does anyone want to teach me Multivariable Calculus? :P

- anonymous

does anyone want to teach me Multivariable Calculus? :P

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- amistre64

you know what you did to x in calc 1 and 2? now do it to y and z

- anonymous

im good with matrices and all that. it's when it comes a part of vectors that i'm not understanding really well

- amistre64

|dw:1334382554391:dw|

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## More answers

- amistre64

vector just point in a direction

- anonymous

wait, ill show u

- amistre64

good, casue i aint none to goog at mindreading :)

- amistre64

... or typing lol

- anonymous

haha

- anonymous

I'm in the same position! Some teacher failed me along the way in the vector department!

- anonymous

given vectors a=2xi+2xj+xk, b=xi-2xj+2xk and c=2xi-xj-2xk show that {a,b,c} is a negative orthogonal base for x<0

- amistre64

an orthogonal base is such that each vector is orthogonal to each other

- amistre64

since x is a common factor of everyting; we can ignore it

- anonymous

for wich value(s) of x, will {a,b,c} be an orthornomal base?

- amistre64

a.b =2xi+2xj+xk,
xi-2xj+2xk
-----------
2 - 4 + 2 = 0
b.c=2xi-xj -2xk
xi-2xj+2xk
-----------
2 + 2 - 4 = 0
a.c =2xi+2xj+xk,
xi-2xj+2xk
-----------
2 - 4 + 2 = 0
so it is orthonormal

- anonymous

i did that, but when it comes to the second part i get lost.

- amistre64

and since x is just a common "scalar" id assume x can be anything; but maybe zero since people hate zeros

- anonymous

i got this:

- amistre64

" Moreover, they are all required to have length one"
http://mathworld.wolfram.com/OrthonormalBasis.html

- anonymous

\[||a||=\sqrt{4x^2+4x^2+x^2}=\sqrt{9x^2}=3x\]

- amistre64

looks like x needs to be the 1/|...| yeah, that

- anonymous

so i did it for all 3 vectors and they all were 3x

- amistre64

x is the scalar that makes them go unit i believe; which means the x = 1 over magnitude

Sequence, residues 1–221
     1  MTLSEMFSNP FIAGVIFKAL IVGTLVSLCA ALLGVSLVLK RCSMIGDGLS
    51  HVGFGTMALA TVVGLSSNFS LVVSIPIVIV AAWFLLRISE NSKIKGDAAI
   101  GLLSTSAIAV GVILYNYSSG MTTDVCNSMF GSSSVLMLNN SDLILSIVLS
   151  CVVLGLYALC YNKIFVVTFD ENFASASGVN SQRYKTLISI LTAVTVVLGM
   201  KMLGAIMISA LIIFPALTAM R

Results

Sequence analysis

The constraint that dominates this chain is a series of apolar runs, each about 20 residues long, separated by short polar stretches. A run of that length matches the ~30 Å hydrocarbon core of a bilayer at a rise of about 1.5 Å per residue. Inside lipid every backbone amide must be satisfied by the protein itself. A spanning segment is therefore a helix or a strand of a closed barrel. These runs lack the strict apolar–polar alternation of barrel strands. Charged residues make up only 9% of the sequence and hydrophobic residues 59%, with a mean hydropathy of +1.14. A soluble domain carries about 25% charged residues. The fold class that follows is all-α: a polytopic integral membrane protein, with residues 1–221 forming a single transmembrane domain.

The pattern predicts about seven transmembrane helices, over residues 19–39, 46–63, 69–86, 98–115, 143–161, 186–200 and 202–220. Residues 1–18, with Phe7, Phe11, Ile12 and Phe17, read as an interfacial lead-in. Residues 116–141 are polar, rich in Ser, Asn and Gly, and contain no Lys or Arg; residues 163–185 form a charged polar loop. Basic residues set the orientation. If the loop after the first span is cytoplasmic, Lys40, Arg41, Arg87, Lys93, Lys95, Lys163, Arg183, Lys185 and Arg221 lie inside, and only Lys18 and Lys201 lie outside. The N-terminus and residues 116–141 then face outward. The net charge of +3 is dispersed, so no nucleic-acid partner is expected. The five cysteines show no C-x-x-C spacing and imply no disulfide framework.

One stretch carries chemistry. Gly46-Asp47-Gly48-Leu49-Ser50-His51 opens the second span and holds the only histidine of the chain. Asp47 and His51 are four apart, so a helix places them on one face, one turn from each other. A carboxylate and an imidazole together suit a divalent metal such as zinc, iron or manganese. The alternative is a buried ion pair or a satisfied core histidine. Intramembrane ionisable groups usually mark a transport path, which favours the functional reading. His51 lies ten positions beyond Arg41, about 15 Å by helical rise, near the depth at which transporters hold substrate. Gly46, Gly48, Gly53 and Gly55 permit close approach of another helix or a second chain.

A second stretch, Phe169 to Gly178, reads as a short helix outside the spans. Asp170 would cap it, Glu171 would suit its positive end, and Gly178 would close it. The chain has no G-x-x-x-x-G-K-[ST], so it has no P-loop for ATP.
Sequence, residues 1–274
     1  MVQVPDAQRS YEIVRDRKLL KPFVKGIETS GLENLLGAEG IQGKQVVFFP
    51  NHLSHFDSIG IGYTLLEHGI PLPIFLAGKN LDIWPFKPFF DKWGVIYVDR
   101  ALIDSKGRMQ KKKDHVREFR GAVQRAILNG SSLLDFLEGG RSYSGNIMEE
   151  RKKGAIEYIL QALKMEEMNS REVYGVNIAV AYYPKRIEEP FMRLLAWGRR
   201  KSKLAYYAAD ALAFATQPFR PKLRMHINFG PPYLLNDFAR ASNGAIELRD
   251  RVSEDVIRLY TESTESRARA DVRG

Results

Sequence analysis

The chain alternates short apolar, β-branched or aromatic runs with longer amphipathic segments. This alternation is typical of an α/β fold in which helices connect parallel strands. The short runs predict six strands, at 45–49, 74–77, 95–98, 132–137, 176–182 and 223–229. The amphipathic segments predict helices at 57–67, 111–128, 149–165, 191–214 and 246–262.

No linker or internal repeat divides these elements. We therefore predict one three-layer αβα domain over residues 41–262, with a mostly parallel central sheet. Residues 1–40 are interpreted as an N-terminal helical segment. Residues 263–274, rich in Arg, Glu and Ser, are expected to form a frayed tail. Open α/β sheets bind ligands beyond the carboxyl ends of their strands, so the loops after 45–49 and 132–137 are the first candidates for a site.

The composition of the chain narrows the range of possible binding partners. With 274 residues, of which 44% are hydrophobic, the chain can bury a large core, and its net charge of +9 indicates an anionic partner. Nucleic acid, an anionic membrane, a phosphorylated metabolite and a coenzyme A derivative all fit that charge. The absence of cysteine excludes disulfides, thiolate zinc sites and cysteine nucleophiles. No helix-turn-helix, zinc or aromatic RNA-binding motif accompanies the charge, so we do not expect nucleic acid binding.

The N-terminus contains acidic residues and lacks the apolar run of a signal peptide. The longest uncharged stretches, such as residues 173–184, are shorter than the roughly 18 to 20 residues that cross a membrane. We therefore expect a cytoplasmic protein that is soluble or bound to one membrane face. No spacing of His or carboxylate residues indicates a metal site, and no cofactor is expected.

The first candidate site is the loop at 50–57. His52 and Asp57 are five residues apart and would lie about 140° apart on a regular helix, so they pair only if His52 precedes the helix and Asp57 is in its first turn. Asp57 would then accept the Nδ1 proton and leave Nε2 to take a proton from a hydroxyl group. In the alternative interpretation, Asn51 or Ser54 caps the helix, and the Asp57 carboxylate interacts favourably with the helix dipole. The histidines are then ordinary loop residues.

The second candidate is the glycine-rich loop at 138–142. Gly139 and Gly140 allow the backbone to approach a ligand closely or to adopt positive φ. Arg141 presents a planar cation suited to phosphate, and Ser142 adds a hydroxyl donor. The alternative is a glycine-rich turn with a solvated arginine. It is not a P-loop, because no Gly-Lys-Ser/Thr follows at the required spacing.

- anonymous

so since ||a||=||b||=||c||=3x=1 ---> x=1/3

- amistre64

x is not part of the length; its factored out and eqauted to the reciprocal of the magnitude

- amistre64

each vector has the same basic components so they are going to have the same lengths
<2,2,1> ; sqrt(4+4+1) = sqrt(9) = 3
x = 1/3 yep

- anonymous

there's a third part :X

- amistre64

and the negative is just -1/3 right?

- anonymous

Find the coordinates to v in the orthornomal base obtained, in wich v in the canonical base has coordinates (1,-2,-3)

- amistre64

now your just making up words :P

- anonymous

im sorry, its in portuguese, i'm translating :P

- anonymous

or trying anyway

- amistre64

standard basis perhaps?

- anonymous

yeees

- amistre64

row reduce your vector basis next to this new vector from the standard bases

- amistre64

how should we define our vectors in the basis? what should our x y and z parts correlate to?

- amistre64

or does it matter?

- anonymous

i did it like this

- amistre64

it matters; switching columns of a matrix alters things; switching rows doent

- anonymous

for the first vector and i did the same to the other 2

##### 1 Attachment

- amistre64

v1=2,2,1
v2=1,-2,2
v3=2,-1,-2
\[\frac{1}{3}\begin{vmatrix}v_1&v_2&v_3\\2&1&2\\2&-2&-1\\1&2&-2\end{vmatrix}\ \begin{vmatrix}c_1\\c_2\\c_3\end{vmatrix}=\begin{vmatrix}1\\-2\\-3\end{vmatrix}\]

- amistre64

your vectors need to be put in columns, not rows

- amistre64

multiply both sides by 3 to get rid of the scalar

- anonymous

ooh yeah

- amistre64

\[RREF\begin{vmatrix}2&1&2&|&3\\2&-2&-1&|&-6\\1&2&-2&|&-9\end{vmatrix}\]

- amistre64

the left goes to identity and the right goes to the coord vector in the basis

- anonymous

got it.

- anonymous

guess im not as bad as i thought? at least i got the first 2 parts correct :p and thanks for explaining the rest :))

- amistre64

youre welcome :)

- Rogue

I'd like to learn multi-variate as well to get a head start on next year, but I'm not a fan of matrices and vectors :(

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